12/30/02
Moore's Law to remain viable for 5-10 years, says survey - EE Times
"Some 52% of the IEEE Fellows in the survey believe that Moore's Law will continue another 5-10 years. Devised by Intel Corp. co-founder Gordon Moore, Moore's Law is a popular axiom in the semiconductor industry, which states the number of transistors in a processor will double every 18 months"

12/18/02
Noise threatens Moore’s Law - PhysicsWeb
"Kish believes that any further increase in the density of computer chips means that they will reach a physical limit -- due to thermal noise -- relatively soon. This limit is expected to come into effect around 40nm and below - and could cause problems as early as in six years time."

12/11/02
Intel's Grove warns of the end of Moore's Law - the inquirer
"While Intel is seeking ways to design chips with multiple cores with improved design and better insulators, Grove suggested that Moore Law regarding the doubling of transistor densities every couple of years will be redundant by the end of the decade. Chip makers will have to make more efficient use of the transistor in order to deliver ever increasing performance, he suggested"

09/12/02 Nanotechnology expected to extend Moore's Law - ebnews
"Sunlin Chou, senior vice president and head of Intel's Technology and Manufacturing group, said new materials and chip structures possible with nanotechnology will continue the doubling of transistor count on die every 24 months that Moore postulated decades ago. "The people who think Moore's Law will end assume that materials and structures won't change. They are constantly changing and will keep Moore's Law going for a lot longer," he said"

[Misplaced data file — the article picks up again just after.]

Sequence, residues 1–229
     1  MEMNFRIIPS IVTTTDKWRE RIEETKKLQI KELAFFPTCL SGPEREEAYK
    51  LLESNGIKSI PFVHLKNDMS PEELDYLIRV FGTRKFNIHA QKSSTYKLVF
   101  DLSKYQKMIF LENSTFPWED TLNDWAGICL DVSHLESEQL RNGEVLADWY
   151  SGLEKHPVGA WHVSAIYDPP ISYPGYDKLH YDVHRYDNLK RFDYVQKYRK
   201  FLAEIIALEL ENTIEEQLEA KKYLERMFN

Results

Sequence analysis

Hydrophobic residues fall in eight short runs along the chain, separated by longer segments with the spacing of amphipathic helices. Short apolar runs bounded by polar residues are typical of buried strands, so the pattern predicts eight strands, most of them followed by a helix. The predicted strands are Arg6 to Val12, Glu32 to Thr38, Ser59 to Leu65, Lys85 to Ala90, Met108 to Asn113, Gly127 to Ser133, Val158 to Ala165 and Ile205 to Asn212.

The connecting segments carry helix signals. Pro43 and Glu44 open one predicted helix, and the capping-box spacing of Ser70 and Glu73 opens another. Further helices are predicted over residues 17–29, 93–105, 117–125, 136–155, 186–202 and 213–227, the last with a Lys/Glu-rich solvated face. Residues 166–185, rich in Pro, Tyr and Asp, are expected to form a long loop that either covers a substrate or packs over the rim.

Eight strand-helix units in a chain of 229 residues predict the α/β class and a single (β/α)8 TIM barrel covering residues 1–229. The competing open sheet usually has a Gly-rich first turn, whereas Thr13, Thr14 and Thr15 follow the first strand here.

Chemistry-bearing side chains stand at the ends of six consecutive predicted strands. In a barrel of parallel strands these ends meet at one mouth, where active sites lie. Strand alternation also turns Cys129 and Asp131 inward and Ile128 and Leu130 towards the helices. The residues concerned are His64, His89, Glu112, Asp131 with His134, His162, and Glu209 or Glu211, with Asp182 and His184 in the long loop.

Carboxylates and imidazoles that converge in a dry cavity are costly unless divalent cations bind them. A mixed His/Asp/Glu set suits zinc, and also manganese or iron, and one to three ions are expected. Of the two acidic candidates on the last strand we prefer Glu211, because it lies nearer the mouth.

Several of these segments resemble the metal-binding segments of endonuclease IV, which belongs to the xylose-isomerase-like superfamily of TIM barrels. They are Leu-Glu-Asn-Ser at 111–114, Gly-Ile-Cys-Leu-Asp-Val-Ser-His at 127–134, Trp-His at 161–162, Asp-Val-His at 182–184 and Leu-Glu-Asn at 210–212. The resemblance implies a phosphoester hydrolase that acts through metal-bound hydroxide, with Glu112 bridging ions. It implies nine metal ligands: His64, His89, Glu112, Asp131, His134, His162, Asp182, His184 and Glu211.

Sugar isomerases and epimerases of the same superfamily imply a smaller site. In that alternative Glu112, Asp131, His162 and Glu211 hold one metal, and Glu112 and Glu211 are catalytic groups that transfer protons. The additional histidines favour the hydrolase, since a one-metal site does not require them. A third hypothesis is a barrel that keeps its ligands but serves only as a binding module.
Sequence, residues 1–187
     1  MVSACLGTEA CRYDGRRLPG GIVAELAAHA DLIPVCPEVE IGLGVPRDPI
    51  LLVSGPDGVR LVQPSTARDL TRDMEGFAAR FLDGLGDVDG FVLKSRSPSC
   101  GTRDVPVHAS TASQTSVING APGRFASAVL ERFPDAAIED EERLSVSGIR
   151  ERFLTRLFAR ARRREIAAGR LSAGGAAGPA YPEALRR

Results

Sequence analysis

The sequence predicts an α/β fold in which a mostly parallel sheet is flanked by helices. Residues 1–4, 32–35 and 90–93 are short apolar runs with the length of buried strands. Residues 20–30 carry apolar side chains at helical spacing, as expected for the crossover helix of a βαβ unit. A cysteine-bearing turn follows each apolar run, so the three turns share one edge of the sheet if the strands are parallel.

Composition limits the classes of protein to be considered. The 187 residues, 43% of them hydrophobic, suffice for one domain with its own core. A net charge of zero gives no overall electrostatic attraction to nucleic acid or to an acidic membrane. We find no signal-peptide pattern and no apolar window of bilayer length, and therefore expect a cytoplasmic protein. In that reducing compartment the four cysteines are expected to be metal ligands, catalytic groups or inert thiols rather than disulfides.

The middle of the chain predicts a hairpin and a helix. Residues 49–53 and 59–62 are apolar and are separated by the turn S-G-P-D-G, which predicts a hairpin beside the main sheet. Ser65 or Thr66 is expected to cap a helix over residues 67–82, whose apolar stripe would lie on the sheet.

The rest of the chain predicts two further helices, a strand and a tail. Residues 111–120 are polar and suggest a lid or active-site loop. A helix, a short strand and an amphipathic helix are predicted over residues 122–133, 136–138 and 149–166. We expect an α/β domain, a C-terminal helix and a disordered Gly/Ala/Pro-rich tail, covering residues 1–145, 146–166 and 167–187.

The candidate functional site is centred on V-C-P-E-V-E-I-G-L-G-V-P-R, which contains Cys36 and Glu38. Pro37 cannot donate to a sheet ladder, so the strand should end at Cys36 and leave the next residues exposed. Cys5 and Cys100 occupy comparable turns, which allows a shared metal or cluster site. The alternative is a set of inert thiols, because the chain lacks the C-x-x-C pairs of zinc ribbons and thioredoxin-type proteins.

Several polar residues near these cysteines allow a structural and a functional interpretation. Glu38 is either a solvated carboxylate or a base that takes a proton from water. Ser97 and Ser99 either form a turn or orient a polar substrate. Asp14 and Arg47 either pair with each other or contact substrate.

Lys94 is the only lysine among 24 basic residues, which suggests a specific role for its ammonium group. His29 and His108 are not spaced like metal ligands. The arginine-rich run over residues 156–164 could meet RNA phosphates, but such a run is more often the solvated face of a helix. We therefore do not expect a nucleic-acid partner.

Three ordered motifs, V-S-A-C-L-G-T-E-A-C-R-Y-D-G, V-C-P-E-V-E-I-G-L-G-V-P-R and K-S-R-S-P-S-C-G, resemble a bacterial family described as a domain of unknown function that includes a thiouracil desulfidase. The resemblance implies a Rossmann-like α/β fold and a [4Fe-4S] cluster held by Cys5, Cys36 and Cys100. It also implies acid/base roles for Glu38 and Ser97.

09/12/02
Intel Discusses Moore Plans - Semiconductor International
09/11/02
Intel's Grove may amend Moore's law - Geek
"Ironically, neither Moore nor Grove have good track records of predicting new technologies. When the 4004 was invented in 1971, Grove considered it a nuisance. In the 1980's, he actively resisted moving Intel out of the memory business and into the processor business. Gordon Moore gave a speech in 1979 arguing that even if the manufacturing hurdles to creating million transistor IC were surmounted, he hadn't a clue as to what a million transistor chip would be good for."

07/26/02 Intel Bets Farm on Moore's Law - e-inSite
07/19/02
Andrew S. Grove: CEOs are the scapegoats of corporate scandal - Silicon Valley
07/16/02
Graphics chips outpacing Moore's Law - ebnews

07/09/02
Gordon Moore thinks Moore's law may get amended - ebnews
"At one time I was skeptical about foundries. I thought they built capacity and didn't have products to fill” their fabs, he said"

07/01/02
Seeing Beyond Moore's Law - Semiconductor International
"In the pursuit of Moore's Law improvements in feature geometries, manufacturers have been
making 60% more transistors available to circuit designers per area of silicon, compared with what was available a year earlier. In contrast, the ratio at which designers are able to utilize transistors in circuits of any given tier of complexity has only been increasing 20% per year."


06/28/02
Researchers Claim New Chip Technology Beats Moore's Law - News Factor
05/21/02
Fabs to cost $one trillion$ by 2025 - the inquirer
04/26/02
Scientists breakthrough on Moore's Law - ZD Net
04/22/02
Intel breathes life into Moore's Law - CNET
10/11/01
Transcending Moore's Law - CNET
09/30/97
Moore says Moore's Law to hit wall - CNET
"If the automobile industry advanced as rapidly as the semiconductor industry, a Rolls Royce would get a million miles per gallon, and it would be cheaper to throw it away than to park it".